U.S. District Court Judge Clay Land is expected to rule this week in a gender discrimination case against Muscogee County Sheriff John Darr.
In September, a jury deliberated for more than 20 hours before returning a verdict that Darr violated federal law in the promotion process. Lt. Donna Tompkins and Lt. Joan Wynn were discriminated against by Darr when they were bypassed for a 2010 promotion to captain, the jury found.
But in what one juror called a "compromise verdict," Wynn and Tompkins were awarded no compensatory damages for emotional distress and no punitive damages.
Their attorneys have gone back to Land and asked the judge to rectify that. They are asking for promotions as well as the payment they would have received if they had been promoted and more than $270,000 in attorneys fees.
Darr's attorneys and the city are fiercely fighting it, claiming in court filings that the win was a "moral victory at best."
Unless there is a settlement, Land's ruling should come down mid-morning Wednesday. There is not much to be thankful for in this mess, but one thing has become abundantly clear in this three-and-a-half-year saga there are no winners.
Darr certainly hasn't won. His attorneys admitted in a hearing last week he has to deal with the stigma of the verdict and the surrounding publicity.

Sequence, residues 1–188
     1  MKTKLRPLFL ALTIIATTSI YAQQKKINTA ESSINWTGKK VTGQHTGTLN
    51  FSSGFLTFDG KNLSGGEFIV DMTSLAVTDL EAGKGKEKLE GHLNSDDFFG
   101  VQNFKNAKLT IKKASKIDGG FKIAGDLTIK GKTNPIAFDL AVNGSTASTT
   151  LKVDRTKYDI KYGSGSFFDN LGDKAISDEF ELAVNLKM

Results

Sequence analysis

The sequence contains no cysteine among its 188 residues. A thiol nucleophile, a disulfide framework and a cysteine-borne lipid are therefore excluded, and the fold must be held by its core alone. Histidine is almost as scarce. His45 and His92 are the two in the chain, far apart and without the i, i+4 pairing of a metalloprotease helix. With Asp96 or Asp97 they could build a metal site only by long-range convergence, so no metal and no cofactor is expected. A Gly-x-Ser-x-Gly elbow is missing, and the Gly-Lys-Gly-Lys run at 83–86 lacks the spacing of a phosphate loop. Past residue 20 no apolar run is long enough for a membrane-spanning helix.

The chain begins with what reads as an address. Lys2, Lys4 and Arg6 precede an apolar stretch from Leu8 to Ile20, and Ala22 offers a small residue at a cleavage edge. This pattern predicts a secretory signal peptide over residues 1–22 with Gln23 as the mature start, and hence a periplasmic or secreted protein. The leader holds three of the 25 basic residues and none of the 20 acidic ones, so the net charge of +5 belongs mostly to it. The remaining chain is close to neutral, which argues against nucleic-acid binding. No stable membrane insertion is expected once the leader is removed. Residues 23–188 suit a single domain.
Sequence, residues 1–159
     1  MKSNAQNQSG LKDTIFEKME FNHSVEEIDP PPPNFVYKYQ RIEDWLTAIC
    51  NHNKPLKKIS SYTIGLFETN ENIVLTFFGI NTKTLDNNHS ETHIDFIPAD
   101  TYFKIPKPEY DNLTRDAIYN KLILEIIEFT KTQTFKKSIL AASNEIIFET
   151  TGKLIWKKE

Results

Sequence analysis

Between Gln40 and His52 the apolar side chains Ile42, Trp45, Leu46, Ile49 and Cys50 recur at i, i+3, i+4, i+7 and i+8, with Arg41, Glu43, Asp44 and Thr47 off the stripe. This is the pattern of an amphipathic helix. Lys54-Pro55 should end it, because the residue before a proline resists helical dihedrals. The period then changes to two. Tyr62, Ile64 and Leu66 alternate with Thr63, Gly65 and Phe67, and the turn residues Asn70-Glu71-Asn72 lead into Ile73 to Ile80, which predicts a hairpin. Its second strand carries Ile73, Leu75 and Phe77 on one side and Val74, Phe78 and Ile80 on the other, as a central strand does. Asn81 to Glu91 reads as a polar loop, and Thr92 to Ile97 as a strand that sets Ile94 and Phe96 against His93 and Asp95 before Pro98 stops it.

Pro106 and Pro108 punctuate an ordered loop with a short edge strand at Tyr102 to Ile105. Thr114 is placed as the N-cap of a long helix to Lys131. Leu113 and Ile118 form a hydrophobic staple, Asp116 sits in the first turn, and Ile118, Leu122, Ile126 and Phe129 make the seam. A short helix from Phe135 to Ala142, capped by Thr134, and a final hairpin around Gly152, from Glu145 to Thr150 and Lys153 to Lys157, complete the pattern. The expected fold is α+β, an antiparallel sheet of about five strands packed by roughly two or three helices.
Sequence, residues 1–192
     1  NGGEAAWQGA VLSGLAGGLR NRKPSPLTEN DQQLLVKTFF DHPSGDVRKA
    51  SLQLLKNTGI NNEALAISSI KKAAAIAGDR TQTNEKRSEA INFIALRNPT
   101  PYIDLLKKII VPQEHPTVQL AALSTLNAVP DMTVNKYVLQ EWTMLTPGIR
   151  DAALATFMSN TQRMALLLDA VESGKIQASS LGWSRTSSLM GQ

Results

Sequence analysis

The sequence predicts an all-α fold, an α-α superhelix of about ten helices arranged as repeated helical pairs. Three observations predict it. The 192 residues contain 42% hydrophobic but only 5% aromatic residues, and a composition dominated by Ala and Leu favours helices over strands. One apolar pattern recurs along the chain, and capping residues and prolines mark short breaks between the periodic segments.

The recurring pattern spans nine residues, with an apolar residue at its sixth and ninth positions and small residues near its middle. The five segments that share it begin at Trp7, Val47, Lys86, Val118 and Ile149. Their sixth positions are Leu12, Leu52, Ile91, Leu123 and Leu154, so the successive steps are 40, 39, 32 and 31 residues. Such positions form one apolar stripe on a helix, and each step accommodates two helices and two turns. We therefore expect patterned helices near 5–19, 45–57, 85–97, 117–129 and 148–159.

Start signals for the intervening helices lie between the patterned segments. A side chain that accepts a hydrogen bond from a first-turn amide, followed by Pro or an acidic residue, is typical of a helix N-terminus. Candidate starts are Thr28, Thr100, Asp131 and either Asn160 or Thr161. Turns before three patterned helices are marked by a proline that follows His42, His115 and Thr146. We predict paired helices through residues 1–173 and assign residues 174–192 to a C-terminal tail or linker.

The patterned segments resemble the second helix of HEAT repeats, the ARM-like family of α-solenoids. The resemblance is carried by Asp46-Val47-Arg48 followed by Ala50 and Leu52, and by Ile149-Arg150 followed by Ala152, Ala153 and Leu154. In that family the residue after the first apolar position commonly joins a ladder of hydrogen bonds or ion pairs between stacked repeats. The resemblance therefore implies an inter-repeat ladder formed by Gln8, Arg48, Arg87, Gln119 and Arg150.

Wynn and Tompkins haven't won. Sure, the jury sided with them, but then it side-stepped the rest of the question.
The city has not won. Darr is a constitutional officer elected countywide, but the folks who work for him are city employees, thus falling under the city's merit system. The city has little to no control over what Darr does with his personnel. But the city has been put in the position of defending the action and paying for it.
The taxpayers have been losers. The Columbus law firm of Page, Scrantom, Sprouse, Tucker & Ford P.C. has billed the city about $225,000 for legal fees defending Darr and the city. And the meter will continue to run if this goes up on appeal as the attorneys for Wynn and Tompkins have promised.
The Sheriff's Office has been a loser. During nearly a week of testimony in which attorneys for Wynn and Tompkins were building a case, about a dozen employees from command staff down took the stand. Things were said in open court. Feelings hardened.
Charles Shafer, the man who got the job Wynn and Tompkins sought, certainly hasn't won. He was portrayed at times as a bumbling fool, which is far from the truth.
Land, left to clean up this mess, can't win. He can only make statements. If he promotes Wynn and/or Tompkins -- an idea he seemed to be entertaining last week judging from questions he asked attorneys on both sides it could be viewed as judicial activism. What kind of statement is that? He will also make a statement in the amount of legal fees if any he awards the lawyers for Wynn and Tompkins.
At the end of the day, no matter if there is a last-minute settlement or a ruling by Land, there are no winners in a case that has seen both sides claim victory.
Chuck Williams, senior editor for content, firstname.lastname@example.org.